Suffolk wants employee hazard pay process to appear ‘fair,’ avoiding conflicts that arose in other cities


SUFFOLK, Va. (WAVY) — Suffolk’s city manager wants to make sure that before any COVID-19 “hazard pay” funding is given out, the process is as fair and equitable as it can be.

On Wednesday afternoon, City Manager Patrick Roberts told City Council members he wants to avoid issues seen in other cities like Virginia Beach and Portsmouth where employees have felt they were unfairly left out.

Part of the problem is that the money set aside by the federal government for “hazard pay” comes with very specific instructions.

When Congress passed the Coronavirus Aid, Relief, and Economic Security Act (CARES Act) earlier this year, they set aside $150 billion for the Coronavirus Relief Fund. Virginia received about $3.1 billion from the fund and has distributed the money to localities based on population.

When it comes to hazard pay, Congress reserves it for “public safety, public health, health care, human services and similar employees whose services are substantially dedicated to mitigating or responding to the COVID-19 public health emergency.”

“If I was to apply this quite literally out of the federal language it would be unfair and I couldn’t support it,” Roberts said.

Norfolk and Virginia Beach used local money in their own budgets to compensate other employees who were not covered under the CARES Act, but were believed to be working “high-risk” jobs. However, In the case of Virginia Beach, City Council didn’t allocate the funding all at once. Waste Management employees didn’t complete trash pickup one day out of protest.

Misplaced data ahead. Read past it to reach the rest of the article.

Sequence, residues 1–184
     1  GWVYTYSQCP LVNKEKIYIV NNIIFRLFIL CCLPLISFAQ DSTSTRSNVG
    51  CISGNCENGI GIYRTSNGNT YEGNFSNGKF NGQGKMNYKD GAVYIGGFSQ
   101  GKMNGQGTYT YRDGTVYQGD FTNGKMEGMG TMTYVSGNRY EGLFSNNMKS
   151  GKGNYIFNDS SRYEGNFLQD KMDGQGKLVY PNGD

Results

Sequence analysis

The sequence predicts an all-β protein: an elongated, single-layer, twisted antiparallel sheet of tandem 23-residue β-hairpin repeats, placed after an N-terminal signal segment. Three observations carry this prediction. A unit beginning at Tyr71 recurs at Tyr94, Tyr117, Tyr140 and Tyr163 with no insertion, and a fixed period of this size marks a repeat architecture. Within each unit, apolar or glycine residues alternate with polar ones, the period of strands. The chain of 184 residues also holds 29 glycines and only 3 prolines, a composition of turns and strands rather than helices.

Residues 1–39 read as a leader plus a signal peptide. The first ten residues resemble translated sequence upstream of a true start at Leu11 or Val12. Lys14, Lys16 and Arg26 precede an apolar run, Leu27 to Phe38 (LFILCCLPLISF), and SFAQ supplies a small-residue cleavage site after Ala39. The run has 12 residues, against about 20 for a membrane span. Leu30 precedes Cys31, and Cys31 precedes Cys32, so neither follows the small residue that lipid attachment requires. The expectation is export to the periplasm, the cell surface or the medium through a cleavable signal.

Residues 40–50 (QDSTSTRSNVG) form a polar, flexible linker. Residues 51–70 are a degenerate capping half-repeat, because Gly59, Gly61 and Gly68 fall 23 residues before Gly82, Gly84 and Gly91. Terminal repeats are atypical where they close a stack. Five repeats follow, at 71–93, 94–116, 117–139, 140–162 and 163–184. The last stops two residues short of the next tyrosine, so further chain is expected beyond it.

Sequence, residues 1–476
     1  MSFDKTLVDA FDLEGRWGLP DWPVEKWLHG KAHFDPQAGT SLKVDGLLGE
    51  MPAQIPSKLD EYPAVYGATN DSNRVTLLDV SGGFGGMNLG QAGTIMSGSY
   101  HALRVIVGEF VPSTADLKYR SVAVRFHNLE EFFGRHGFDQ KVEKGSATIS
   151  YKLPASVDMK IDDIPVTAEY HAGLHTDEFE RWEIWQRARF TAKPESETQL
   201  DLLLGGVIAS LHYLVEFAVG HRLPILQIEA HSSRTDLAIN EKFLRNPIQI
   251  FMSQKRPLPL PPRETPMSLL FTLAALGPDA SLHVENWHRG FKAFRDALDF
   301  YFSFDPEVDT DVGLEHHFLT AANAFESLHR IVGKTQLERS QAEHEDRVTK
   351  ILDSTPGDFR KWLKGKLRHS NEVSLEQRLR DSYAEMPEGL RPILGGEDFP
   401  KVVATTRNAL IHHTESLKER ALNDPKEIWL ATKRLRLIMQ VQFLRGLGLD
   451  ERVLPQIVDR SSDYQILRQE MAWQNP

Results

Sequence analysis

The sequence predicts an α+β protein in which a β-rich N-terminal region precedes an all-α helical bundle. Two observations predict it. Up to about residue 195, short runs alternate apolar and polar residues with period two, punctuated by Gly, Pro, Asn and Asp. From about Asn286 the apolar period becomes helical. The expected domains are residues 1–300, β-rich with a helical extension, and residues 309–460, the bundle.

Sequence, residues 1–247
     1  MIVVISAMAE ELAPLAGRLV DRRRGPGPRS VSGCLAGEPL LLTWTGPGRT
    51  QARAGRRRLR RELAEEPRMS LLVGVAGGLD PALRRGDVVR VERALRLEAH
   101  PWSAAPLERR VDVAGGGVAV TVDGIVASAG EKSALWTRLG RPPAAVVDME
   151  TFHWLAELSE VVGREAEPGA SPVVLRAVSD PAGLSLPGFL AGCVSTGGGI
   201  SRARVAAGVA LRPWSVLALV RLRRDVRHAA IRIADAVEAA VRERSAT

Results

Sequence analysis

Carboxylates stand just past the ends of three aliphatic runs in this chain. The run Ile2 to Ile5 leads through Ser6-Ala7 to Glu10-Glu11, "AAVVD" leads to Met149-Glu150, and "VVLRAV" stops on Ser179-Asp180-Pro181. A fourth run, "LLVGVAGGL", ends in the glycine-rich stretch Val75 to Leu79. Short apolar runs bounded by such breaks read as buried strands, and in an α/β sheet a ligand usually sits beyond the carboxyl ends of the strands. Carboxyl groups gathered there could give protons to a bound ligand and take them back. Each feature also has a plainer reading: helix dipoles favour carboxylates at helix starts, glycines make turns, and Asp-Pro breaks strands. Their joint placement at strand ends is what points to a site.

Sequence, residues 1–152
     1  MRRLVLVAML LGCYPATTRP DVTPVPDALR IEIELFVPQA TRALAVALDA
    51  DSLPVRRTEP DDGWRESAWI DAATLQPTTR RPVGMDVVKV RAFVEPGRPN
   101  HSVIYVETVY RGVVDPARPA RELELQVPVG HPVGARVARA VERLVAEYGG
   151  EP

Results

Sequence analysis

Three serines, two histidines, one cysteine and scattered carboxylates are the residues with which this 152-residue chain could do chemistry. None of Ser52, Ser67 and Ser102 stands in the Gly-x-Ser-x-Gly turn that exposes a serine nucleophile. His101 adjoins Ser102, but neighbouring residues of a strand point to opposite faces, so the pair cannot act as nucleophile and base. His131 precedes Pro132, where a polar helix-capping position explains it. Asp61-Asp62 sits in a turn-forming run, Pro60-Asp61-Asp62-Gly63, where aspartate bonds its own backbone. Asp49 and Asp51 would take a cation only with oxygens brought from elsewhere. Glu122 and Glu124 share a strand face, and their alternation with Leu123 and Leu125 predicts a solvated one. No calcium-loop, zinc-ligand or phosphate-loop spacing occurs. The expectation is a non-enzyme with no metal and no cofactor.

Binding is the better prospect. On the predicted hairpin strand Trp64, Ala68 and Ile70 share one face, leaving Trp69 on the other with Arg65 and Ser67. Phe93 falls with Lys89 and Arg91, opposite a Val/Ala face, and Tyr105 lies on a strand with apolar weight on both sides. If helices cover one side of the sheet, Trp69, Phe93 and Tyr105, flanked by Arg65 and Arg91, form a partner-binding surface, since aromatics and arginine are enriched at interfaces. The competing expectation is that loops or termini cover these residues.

“If you see one or more localities where they rolled this out and say ‘We are going to deal with public safety workers first. And you folks are working in public works are working just as hard and you’re subject to risk and but we’ll figure you out later,’ that not only causes the perception of unfairness but a real moral issue,” Roberts said.

To prevent this from happening, Roberts is proposing going to city department heads in order to come up with a hazard pay plan. The city will be looking at the task the employee is completing not necessarily their title.

“Really addresses the people who are working with people either in large groups, face-to-face, every day, interacting with people that could be exposed to the virus,” Roberts said.

A proposal likely consisting of a combination of federal money and local one-time funds will be brought back to the council for their consideration. Roberts hopes payments can be made to employees sometime in October. It’s not known how much each employee could receive yet.

Still, Councilman Roger Fawcett said employees must be kept in the loop throughout the process.

“How are you going to define ‘essential’? Really who those people are, because certainly some people may feel left out in the process and we’ll have to stress out why … why we selected the way it was done so they understand.”

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